OK, peeps, try your comic store first, but if you run up against a dead end, and you can’t wait until the end of January, e-mail me (address is up on the right) and I’ll forward Stephen’s e-mail. Note that the book was originally published in French, so if you’re a Francophone, you’re in luck. Here is the Amazon page for the French edition, L’Immeuble d’en Face, which is worth a click for the very different cover image. And check out the publisher’s page, which includes some previews.

Look back in manga

I’m thinking about compiling a Top Ten Retrospectives of 2006 list. It looks like there will be plenty to choose from.

Having already shared the books he enjoyed the most, David Welsh also lists the ones that made the biggest impression.

Erica Friedman lists the top ten yuri anime of 2006, several of which are based on new or forthcoming manga.

Everyone’s an expert: At the MangaCast, Ed Chavez wants to know your picks for best manga of 2006—and what you want to see in 2007.

Friday morning roundup

Literary analysis of Train Man? Not quite, but Stephanie Folse looks at all three in her Tokyopop column to compare the way different artists handle the same story.

Shaenon Garrity treats us to another overlooked manga festival, this one about Sexy Voice and Robo.

ComiPress translates an interview with manga-ka Nariko Enomoto, creator of Sentiment no Kisetsu, a manga about the real lives of schoolgirls.

One blog that I really enjoy, although I seldom link to it, is One Potato Two, by Satsuma, a Japanese translator. Satsuma is currently working on vol. 3 of Innocent W, which is that rare manga about which I have absolutely nothing good to say. (My short take: It’s the manga equivalent of a splatter movie.) Satsuma’s posts have given me a bit more insight, though, and today’s post recommends some other work by Kei Kusunoki that look kind of interesting. Of course, they are in Japanese… Anyway, Satsuma’s blog is a good daily read if you’re curious about the translation process and what the near future holds, manga-wise.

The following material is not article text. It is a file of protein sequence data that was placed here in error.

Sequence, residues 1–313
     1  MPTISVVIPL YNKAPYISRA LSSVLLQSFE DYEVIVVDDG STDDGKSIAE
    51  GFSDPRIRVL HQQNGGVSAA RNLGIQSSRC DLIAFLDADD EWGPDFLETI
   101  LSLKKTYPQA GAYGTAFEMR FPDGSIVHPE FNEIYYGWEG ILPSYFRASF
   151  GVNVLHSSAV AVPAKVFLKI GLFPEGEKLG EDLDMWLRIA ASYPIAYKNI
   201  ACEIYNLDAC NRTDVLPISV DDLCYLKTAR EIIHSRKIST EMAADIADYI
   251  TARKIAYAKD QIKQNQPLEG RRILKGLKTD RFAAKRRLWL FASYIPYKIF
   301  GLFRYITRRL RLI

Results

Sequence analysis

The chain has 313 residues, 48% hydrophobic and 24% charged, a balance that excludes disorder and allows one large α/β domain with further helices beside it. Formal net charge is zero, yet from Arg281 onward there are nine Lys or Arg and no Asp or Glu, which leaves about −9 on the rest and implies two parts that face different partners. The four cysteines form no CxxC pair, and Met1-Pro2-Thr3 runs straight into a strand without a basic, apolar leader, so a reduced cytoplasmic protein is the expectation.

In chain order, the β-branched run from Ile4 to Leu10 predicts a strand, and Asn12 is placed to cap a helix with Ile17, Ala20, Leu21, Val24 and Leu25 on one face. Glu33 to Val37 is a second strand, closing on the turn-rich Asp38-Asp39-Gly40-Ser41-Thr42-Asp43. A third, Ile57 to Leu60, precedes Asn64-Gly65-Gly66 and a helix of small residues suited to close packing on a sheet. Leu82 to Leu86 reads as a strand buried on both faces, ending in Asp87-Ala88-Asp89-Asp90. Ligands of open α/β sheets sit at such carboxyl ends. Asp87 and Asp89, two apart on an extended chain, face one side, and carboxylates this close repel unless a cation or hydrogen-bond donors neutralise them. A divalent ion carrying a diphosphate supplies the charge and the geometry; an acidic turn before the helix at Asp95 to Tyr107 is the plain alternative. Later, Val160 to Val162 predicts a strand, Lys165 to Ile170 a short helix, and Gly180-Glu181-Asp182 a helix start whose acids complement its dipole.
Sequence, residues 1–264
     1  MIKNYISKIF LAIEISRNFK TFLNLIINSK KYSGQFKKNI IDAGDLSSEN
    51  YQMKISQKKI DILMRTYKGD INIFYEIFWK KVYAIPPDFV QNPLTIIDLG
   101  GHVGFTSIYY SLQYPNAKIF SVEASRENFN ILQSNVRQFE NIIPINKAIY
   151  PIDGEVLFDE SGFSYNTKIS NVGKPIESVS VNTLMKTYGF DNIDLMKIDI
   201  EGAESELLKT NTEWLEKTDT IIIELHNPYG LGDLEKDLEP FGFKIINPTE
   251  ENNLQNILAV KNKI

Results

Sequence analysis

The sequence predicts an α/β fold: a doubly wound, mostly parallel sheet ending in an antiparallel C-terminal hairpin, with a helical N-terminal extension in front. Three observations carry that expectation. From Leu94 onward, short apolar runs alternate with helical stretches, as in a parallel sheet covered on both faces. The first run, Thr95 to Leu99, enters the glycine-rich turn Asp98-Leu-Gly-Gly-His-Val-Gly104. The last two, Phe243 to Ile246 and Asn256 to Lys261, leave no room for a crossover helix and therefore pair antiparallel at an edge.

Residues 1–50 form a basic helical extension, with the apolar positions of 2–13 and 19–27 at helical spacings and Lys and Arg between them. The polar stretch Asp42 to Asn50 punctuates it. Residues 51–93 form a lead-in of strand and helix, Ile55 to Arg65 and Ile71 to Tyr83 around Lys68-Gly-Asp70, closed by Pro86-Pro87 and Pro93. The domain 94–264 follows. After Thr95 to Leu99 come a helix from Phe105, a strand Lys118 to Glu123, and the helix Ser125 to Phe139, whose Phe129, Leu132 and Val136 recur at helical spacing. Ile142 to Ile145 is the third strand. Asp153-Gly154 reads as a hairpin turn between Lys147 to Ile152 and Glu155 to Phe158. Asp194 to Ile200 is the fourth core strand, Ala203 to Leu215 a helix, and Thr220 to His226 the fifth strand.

Reviews: Kethylia enjoys Kingdom Hearts, despite poor production values and lackluster subplots. At Active Anime, Holly Ellingwood looks at vol. 20 of Please Save My Earth, a series that is almost complete. Anime on DVD’s Julie Rosato reviews Lovely Sick, a DramaQueen title. Dave Ferraro of Comics-and-more has good things to say about Ode to Kirihito. Mangamaniaccafe severely pans Because I’m A Boy. If you’ve been wondering about Strawberry Marshmallow, Okazu has reviews of vol. 1 (by guest reviewer Sean Gaffney) and vol. 2 (by resident blogger Erica Friedman). At Slightly Biased Manga, Connie has posted a flurry of reviews of Boogiepop Doesn’t Laugh, Hanakimi, and DN Angel.

Retrospectives in hindsight

Well, Kai-Ming Cha got everyone talking—on two continents, apparently—with her list of the top ten manga and top five manwha of 2006.

Tangognat finds the PW list “a bit odd” and shares a few of her favorites. At PopCultureShock, Katherine Dacey-Tsuei gives her top 20, plus a few that didn’t make her list, and then, in case it seems like she likes every manga (what’s wrong with that?) she talks about a few she didn’t care for. At Precocious Curmudgeon, David Welsh lists the books he enjoyed the most. As my taste and David’s coincide almost perfectly, I’m using it for suggestions on what to read once the current stack is whittled down.

Heidi weighs in at The Beat. Regarding the reclusive #1 choice, The Building Opposite, Heidi notes,

Come to think of it, we’ve never seen a copy of a Ponent Mon book, either. Apparently all the office copies get snatched up. Guess they are THAT good.

That would explain it. And she adds,

Personally speaking, Kai-Ming knows a heck of a lot more about manga than we do, and any list that gets people talking is a good thing.

Hear, hear! The Building Opposite is a French manga, and ActuaBD has a news brief on Kai-Ming’s choice and the news that volume 2 is on the way. (Via Journalista.) Creator Vanyda puts up a manga smile on her blog.

At Anime on DVD, Ed Chavez continues his year-end report cards with a look at Bandai Entertainment.